Anh_Minh
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Quote:
Originally Posted by Xion Valkyrie View Post
I'm hoping that it's an intentional leak and that the names are all of people that are actually in the Taliban who aren't actually informants, in order to throw the Taliban into disarray. One can only hope.
Hope that completely uninvolved people get murdered?
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Old 2010-07-28, 15:13   Link #8411
TinyRedLeaf
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Well, the freedom of expression does not come free — there is always a price to pay.

One can only hope that those who benefited from the leak can live with it.
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Old 2010-07-28, 16:30   Link #8412
bladeofdarkness
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who, exactly, "benefited" from the leak ?
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Old 2010-07-28, 17:05   Link #8413
Vexx
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My opinion at the moment (subject to change) is that someone wanted to recreate a worthy leak in history -- the Pentagon Papers, which basically showed how badly we were screwing up the Vietnam war and getting lots of people killed for someone's fun and profit.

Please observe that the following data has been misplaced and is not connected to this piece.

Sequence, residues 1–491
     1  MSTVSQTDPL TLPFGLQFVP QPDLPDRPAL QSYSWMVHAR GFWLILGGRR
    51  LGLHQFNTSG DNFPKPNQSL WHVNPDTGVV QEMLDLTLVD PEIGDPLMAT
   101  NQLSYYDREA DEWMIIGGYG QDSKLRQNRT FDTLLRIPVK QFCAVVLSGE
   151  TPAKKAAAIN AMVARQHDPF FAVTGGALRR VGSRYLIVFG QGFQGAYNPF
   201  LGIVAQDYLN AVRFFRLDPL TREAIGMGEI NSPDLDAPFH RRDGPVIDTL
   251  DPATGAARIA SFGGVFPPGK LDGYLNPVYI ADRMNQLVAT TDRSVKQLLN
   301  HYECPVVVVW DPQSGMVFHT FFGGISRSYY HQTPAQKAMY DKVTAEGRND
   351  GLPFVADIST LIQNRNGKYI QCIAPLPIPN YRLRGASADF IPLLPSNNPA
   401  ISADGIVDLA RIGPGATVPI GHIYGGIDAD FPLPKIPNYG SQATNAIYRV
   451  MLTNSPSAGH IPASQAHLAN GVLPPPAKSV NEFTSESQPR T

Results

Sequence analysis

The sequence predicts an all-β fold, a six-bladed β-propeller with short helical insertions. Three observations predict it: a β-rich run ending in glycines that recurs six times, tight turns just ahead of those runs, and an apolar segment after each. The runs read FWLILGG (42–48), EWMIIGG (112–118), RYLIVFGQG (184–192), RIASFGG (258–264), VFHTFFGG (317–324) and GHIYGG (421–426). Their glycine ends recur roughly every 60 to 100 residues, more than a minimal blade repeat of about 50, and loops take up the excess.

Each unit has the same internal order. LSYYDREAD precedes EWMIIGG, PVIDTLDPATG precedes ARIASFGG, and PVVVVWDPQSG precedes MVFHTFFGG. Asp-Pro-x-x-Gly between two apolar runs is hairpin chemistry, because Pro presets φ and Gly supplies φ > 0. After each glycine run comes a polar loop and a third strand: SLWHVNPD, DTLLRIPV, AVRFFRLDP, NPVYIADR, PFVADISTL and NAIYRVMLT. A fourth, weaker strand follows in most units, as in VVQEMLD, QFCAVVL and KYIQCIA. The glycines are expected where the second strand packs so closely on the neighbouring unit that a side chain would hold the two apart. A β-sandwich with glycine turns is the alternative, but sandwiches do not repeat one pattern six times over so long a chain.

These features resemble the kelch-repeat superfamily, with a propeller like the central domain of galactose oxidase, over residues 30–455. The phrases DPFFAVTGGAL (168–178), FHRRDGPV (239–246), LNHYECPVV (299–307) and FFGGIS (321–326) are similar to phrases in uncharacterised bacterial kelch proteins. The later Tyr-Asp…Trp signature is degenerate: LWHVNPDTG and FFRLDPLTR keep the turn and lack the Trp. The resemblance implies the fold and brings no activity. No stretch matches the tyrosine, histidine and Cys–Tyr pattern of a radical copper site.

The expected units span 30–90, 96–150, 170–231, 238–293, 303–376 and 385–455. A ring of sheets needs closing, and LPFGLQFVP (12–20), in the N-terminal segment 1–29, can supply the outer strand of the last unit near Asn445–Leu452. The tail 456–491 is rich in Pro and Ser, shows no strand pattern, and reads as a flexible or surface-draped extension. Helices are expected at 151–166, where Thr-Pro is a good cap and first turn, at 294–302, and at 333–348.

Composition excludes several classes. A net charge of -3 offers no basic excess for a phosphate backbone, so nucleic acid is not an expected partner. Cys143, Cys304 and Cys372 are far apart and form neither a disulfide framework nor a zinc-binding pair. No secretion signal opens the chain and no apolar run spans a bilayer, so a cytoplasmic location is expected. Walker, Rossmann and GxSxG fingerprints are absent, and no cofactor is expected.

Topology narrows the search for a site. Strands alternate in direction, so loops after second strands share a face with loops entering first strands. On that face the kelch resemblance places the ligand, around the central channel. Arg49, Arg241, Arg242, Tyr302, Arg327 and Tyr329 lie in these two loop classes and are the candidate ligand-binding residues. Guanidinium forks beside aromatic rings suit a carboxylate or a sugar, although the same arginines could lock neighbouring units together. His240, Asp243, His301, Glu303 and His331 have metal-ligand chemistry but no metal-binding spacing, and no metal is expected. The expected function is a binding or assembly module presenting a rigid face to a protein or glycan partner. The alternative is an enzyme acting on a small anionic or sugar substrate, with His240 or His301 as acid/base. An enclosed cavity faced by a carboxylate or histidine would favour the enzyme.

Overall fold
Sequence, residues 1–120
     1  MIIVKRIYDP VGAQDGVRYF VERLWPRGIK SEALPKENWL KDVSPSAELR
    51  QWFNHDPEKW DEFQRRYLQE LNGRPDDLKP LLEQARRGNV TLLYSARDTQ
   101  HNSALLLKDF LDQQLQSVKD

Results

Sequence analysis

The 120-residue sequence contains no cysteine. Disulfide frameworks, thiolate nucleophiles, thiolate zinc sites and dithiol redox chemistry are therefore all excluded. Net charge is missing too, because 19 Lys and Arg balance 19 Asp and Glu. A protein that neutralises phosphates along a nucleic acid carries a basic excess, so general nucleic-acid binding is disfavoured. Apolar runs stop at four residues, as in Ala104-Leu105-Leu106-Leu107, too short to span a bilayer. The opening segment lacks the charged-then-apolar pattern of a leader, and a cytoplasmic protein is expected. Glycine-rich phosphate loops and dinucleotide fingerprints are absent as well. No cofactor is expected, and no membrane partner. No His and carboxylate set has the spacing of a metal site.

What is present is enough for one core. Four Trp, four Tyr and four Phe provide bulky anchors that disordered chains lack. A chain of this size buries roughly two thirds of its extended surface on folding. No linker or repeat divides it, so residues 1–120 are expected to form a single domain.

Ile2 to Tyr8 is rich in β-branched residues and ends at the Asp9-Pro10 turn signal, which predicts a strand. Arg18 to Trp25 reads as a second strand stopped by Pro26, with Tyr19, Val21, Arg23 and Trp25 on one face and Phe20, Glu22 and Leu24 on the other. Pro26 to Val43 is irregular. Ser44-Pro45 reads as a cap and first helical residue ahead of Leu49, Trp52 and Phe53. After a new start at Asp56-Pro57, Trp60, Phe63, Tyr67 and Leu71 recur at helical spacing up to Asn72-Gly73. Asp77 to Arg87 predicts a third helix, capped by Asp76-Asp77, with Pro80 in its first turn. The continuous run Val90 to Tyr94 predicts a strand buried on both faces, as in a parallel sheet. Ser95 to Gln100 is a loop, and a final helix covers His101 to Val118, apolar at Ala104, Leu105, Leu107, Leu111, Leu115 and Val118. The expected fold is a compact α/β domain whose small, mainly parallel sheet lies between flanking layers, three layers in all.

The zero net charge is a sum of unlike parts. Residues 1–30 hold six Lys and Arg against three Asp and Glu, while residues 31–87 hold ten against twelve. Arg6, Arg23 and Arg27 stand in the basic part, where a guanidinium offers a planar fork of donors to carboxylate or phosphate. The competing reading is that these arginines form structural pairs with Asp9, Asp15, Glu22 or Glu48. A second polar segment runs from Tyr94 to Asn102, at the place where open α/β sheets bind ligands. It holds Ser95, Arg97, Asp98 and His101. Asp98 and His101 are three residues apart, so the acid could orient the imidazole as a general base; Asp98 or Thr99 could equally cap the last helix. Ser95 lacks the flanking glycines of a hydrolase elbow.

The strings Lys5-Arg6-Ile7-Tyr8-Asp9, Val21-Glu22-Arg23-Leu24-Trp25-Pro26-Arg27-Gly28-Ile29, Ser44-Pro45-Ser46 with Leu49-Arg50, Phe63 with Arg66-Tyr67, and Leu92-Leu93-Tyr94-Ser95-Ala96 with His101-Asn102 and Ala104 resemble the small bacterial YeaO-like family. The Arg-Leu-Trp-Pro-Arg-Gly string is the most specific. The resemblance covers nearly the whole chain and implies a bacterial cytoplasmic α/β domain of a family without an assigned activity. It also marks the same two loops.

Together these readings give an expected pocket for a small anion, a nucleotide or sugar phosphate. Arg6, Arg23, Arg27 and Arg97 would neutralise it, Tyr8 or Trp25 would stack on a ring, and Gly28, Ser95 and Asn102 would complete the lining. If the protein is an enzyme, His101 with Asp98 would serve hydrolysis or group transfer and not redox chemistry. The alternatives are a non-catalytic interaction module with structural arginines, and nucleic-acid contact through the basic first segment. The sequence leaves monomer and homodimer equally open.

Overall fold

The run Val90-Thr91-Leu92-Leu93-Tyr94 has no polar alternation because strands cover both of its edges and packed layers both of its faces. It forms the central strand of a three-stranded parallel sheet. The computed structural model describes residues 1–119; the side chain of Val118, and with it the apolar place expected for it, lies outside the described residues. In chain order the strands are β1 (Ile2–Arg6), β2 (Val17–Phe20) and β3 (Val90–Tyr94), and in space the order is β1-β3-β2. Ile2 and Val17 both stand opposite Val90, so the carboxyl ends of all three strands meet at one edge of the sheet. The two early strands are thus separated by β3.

You can already hear the floating administrative heads on both sides of the aisle babbling about how all that was "in the past" and "mistakes were made" and "we're doing better now". We'll see after everyone parses it out whether anything will actually happen if actual crimes are uncovered. The US seems to have become completely adept at not blaming anyone for anything.
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Old 2010-07-28, 17:22   Link #8414
Xion Valkyrie
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Quote:
Originally Posted by Anh_Minh View Post
Hope that completely uninvolved people get murdered?
I meant known Taliban members, but not real informers.
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Old 2010-07-28, 18:26   Link #8415
ganbaru
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Quote:
Originally Posted by Xion Valkyrie View Post
I meant known Taliban members, but not real informers.
Do you realize than those real informer are most likely to be linked to the Taliban ? And even if the leak designated false-informant-real-Taliban their family are likely to get trouble as well .

This time, those Wikileak guy just wanted to make a big coup, without thinking of the consequence or seriousness.
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Old 2010-07-28, 22:18   Link #8416
Roger Rambo
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Quote: